By Wendy Haaf
Cancer incidences have been declining in Canada since 2011, save for one striking exception: HPV-related cancers. The human papillomavirus (HPV) is a sexually transmitted virus that’s responsible for more than 99 per cent of cervical cancers, but it’s also a main contributor to back-of-the-throat cancers, which have been rising rapidly. This type of oropharyngeal cancer – which refers to the area that includes the tonsils and the base of the tongue – “is the cancer we see most frequently in the head and neck division at University Health Network (UHN),” says Dr. John De Almeida, a head and neck surgeon in the Sprott Department of Surgery.
While the five-year survival rate for these cancers is close to 90 per cent, the side-effects of treatment can be debilitating. Currently, it’s standard practice to use radiation to treat not only the tumour itself but also the lymph nodes on both sides of the neck, in case cancer cells have travelled from one side to the other. This can cause severe dry mouth, changes in taste, difficulty swallowing and dental problems. And because most patients are in their 40s and 50s, they face the prospect of living with these issues for decades.
Dr. De Almeida is hard at work finding ways to ease these side-effects. For one thing, he’s one of just a few specialists in Canada able to offer some patients a different method of treating the original cancer. “We use a surgical robot with instruments that we can lead through the patient’s mouth,” he explains. The system’s miniaturized instruments, manoeuvrable arms and 3D cameras allow Dr. De Almeida to remove early-stage tumours and lymph nodes with tremendous precision and minimal damage to surrounding tissues. “In certain patients, we can even avoid radiation therapy, chemotherapy or both,” he says.
– Source: CDC
Oropharyngeal cancer cases estimated to be caused by HPV.
Tracing a path
Even with this form of minimally invasive surgery, “we struggle with whether or not there might be microscopic cancer cells in the lymph nodes on the opposite side of the neck,” Dr. De Almeida explains. Until recently, clinicians assumed a route existed in the lymphatic network for fluid and cancer cells to travel not just down one side of the head and neck, but also across the jaw and down the other side. However, Dr. De Almeida questioned whether that was true. And if it wasn’t? Then some patients could be spared such extensive treatment of the lymph nodes.
Dr. De Almeida pioneered techniques that enabled him to test this hypothesis, using a tool that’s already widely used in treating other cancers in a novel way. The technique underpins a surgical procedure called lymph node biopsy, a method of identifying those lymph nodes most closely connected to a tumour so they can be tested for the presence of cancer cells. Now commonly done to help gauge the extent or stage of cancers such as melanoma, historically, sentinel node biopsy hasn’t been applied to oral cavity or throat cancers.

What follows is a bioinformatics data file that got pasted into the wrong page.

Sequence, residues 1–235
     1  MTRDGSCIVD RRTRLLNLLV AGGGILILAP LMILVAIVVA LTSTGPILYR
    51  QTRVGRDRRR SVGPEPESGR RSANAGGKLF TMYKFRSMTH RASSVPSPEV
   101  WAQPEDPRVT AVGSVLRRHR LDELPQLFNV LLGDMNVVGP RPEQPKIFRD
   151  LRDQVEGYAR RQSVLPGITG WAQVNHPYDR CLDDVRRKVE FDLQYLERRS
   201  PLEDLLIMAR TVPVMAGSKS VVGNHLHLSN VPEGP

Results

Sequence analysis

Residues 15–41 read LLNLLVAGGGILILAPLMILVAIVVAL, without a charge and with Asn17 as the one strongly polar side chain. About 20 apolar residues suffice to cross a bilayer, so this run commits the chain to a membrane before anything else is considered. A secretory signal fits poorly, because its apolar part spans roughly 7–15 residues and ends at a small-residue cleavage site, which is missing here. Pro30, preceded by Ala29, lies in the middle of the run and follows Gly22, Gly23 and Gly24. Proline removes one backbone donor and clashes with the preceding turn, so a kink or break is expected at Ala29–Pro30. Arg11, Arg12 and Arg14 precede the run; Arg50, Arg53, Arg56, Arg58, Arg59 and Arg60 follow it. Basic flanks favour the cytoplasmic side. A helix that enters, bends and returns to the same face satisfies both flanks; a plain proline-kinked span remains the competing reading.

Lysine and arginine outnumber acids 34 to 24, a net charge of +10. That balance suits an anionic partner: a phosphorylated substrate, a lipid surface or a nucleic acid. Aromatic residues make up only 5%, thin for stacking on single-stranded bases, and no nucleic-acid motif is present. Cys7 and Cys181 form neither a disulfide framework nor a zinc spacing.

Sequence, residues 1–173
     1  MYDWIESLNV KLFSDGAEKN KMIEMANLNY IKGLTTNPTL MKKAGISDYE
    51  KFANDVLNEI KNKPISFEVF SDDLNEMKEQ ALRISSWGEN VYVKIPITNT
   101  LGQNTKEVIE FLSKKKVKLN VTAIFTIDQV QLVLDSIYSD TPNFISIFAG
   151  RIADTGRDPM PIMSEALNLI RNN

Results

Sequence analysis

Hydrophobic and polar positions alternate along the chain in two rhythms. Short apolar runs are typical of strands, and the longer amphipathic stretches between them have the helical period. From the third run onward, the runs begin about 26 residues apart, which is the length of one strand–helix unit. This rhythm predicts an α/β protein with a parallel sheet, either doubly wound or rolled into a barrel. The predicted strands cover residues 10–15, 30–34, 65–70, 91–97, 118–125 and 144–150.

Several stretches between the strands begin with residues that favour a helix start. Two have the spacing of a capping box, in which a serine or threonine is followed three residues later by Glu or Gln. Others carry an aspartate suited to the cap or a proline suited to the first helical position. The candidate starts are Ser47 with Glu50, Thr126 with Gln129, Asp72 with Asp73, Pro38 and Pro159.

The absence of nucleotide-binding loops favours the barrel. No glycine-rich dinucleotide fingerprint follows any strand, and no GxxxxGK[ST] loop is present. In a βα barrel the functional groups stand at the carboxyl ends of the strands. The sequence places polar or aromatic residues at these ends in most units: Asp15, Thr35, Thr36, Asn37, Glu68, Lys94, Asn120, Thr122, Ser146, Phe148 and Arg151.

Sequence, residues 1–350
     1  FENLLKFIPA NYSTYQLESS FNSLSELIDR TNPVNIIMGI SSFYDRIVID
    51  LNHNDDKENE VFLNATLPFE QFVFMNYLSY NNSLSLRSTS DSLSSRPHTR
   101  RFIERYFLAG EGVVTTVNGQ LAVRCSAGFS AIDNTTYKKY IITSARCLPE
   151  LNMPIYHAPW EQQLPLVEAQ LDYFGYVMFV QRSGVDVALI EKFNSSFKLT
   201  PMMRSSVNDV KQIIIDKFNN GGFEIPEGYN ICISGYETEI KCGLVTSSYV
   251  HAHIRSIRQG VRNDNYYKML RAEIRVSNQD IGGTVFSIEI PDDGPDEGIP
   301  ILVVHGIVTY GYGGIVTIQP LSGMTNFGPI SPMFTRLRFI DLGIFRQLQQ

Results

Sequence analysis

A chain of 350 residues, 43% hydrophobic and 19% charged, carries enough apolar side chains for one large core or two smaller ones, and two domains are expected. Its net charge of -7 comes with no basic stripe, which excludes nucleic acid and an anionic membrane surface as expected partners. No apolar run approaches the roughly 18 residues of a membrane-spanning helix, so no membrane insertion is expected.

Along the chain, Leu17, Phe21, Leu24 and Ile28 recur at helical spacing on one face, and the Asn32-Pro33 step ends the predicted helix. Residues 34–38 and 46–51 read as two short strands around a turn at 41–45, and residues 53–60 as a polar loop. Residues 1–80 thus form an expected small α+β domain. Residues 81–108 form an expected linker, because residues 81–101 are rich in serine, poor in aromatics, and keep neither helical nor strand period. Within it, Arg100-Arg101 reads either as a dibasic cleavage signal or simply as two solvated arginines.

What Dr. De Almeida decided to try was similar to sentinel biopsy, minus the biopsy: using radioactive material to trace the path cancer cells could potentially take. This is known as lymph node mapping. The first step is injecting this radioactive tracer into the tumour.
Creating a better picture
However, because head and neck cancers are much more technically difficult to access than, say, breast cancer, Dr. De Almeida had to develop special methods of injecting them. In some cases, for instance, a tiny camera mounted on a fine tube (known as an endoscope) is threaded “through the nose to visualize the tumours of the back of the tongue and administer those injections,” he explains.
Next, an imaging technology called SPECT, or single-photon emission computed tomography, is used to trace the path the radioactive compound takes. “The camera has two heads, 180 degrees from each other, that detect the radiation,” explains Judy Gabrys, UHN’s Nuclear Medicine Clinical Supervisor. “The camera moves around the patient and then draws a 3D picture.” Since SPECT doesn’t yield a clear image of the surrounding anatomy, “when the patient is on the bed, we move them into the CT portion and do a CT scan. Then the CT scan and the nuclear medicine scan are merged together,” Gabrys says.
Voila: it’s possible to see whether cancer cells have a path to travel from one side of the neck to the other. If they don’t, Dr. De Almeida says, “we treat these patients much more conservatively, because this test gives us a high degree of confidence the cancer doesn’t have a potential route to get there.”
Putting the treatment to the test
The next step: launching a large-scale trial to test the strategy in patients with T1 to T3 stage tumours that sit on one side or the other of an invisible line through the middle of the jaw. “It’s a multi-institutional, multinational study that we’re leading, and we’re doing it in conjunction with a collaborative group,” Dr. De Almeida says.
Spanning dozens of centres in several countries, the project is being sponsored by the Canadian Cancer Trials Group and the U.S. National Institutes of Health. “It’s a Phase 3 randomized controlled trial. Basically you flip a coin to see whether someone gets the new treatment or the standard treatment,” Dr. De Almeida explains.
“We’re looking to recruit 500 patients and follow them to see how they do from a cancer perspective. If the new treatment is superior in this trial, it could potentially change practice worldwide,” he adds. And that, in turn, could improve the long-term outlook for many of the hundreds of thousands of people around the globe who are diagnosed with HPV-related cancers each year.
This article originally appeared in the 2023 issue of the Sprott Department of Surgery magazine. Read it here.